by Pamela Berns
It’s the time of year in New York City when young people in caps and gowns seem to be everywhere – what better time to celebrate the sustainability achievements in our City’s schools. The fourth NYC Department of Education Sustainability Initiative annual report boasts 81 pages of accomplishments in the greening of infrastructure, curriculum design, teacher training, and extracurricular programs in scores of K-12 schools . DOE Director of Sustainability, Dr. Sharon Jaye, is proud of the myriad initiatives in waste management, water consumption, and energy use, but sees student engagement as the heart of the effort. In this two part series, we will look at two new public high schools where students engage not only on a school-wide basis but also in the community. Both aim to turn out graduates with excellent critical thinking and communication skills, but each comes at sustainability education from a very different angle.
Founded in 2009, The Urban Assembly School for Green Careers, a Career and Technical Education (CTE) high school on the Upper West Side, has been chosen as a demonstration school for innovation in vocational and technical education. Maspeth High School, founded in Queens in 2011, has based its model on student clubs. In this issue, we will focus on Maspeth High.
The Maspeth High School vision is “to have our students become leaders in all fields of personal endeavors through academia, and to be physically, emotionally and intellectually healthy with determination and compassion.” There is probably no better example of the embodiment of that vision than the Maspeth High School Green Club. The club was founded at the same time the school itself began operating in September 2011. Aaron Bell, the faculty advisor responsible for the club’s inception, gives all the credit for its birth to both the vision of the school’s Principal, Khurshid Abdul Mutakabbir, and the tenacity of five freshman who not only established the club but “created its identity” and became the “heart and soul of the project.” With just these five girls on board, the team hit the ground running almost immediately, when Council Member Elizabeth Crowley reached out to Maspeth for help in a graffiti removal project. “That very afternoon, we went out into the community and started working,” says Bell.
That spirit has deepened and grown in the four years since the club’s beginnings. A three-time winner of the Department of Sanitation’s Golden Apple Award, and 2014 recipient of the National Wildlife Federation’s Green Flag award, the club has expanded to include 50 students. “Recruitment is easy,” says Bell. “Students want to be part of this club.” They look forward to active engagement in real world projects in which they can make a tangible difference. New projects ranging from growing hydroponic produce in an indoor garden, to launching composting programs, to conducting facility-wide recycling, energy and water use audits, are initiated each year; but what is most remarkable is the sustainability of the club’s ongoing efforts. “I just sit back and admire the work of the students'” says Bell, who refers to them as “leaders for New York” whose drive and intelligence keep the momentum going. Next year Bell hopes the club will see the addition of a permanent green house and a solar roof.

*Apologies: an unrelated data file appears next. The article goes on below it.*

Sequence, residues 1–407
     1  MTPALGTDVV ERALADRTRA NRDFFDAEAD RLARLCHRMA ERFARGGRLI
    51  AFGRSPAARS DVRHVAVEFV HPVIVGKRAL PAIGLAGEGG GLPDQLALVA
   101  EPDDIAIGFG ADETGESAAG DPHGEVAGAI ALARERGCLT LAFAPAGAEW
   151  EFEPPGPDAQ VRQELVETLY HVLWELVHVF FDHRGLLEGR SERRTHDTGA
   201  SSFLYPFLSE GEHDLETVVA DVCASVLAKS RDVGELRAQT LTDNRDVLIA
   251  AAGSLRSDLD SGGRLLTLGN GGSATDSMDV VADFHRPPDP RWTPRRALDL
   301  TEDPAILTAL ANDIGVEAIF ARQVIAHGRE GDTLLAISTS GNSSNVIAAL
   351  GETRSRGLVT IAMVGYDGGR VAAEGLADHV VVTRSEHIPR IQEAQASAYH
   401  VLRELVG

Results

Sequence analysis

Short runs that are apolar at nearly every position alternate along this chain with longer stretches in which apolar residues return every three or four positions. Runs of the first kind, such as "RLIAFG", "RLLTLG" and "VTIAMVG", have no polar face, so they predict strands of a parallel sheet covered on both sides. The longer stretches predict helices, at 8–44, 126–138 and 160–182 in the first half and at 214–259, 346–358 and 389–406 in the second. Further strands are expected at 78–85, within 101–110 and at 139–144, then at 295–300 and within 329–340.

Bell believes that the club is definitely preparing the students for environmental leadership. “They’re not just involved in advocacy,” he says. “Their actual engagement in city planning shows how powerful student action can be.” He recalls the 2014 Student Advocacy Day, when former club president Jia Chen stood at the podium in front of City Hall making her case to reporters and news cameras. Bilingual in English and Mandarin, she delivered her message with poise and confidence in both languages. The five founders will graduate in 2015, which is bittersweet for Bell. Lulu Zhou, a prize winner for her work on the STOP (Students Take on Plastic) Bags project, will be among the graduates. “Action inspires a future,” says Bell, as he shares Lulu’s plans to study the environment at Middlebury College. He looks forward to staying in touch with her and following her career, which he is certain will be a success.
When asked what other schools can learn from the Maspeth High School Green Club as the Department of Education continues to scale up its sustainability efforts, he says success is built on vision, attention to detail, a supportive administration, and strong commitment of staff and students. He believes the Mayor’s OneNYC plan, with its four Visions, has the potential to galvanize more exciting activity. He points to the unilateral replacement of styrene foam school lunch trays with compostable trays through the Cafeteria Culture program as a prime example of positive and concrete change, and hopes that new accountability will help turn vision into real sustainable action.
The DOE has plenty of other arrows in their quiver as they move forward into the year of OneNYC. For one, with the help of Columbia University Teachers College, they are currently pooling all the data for the 2014-15 school year, and will be making much of it available to the public in a user-friendly ten-page web-based document. This is good news to Michelle Andry, Partnerhship Coordinator for the Urban Assembly School for Green Careers, who believes more people should be aware of the Department’s progress. And her school certainly has lots of progress to report. Stay tuned to our September issue for the details of that back-to-school story.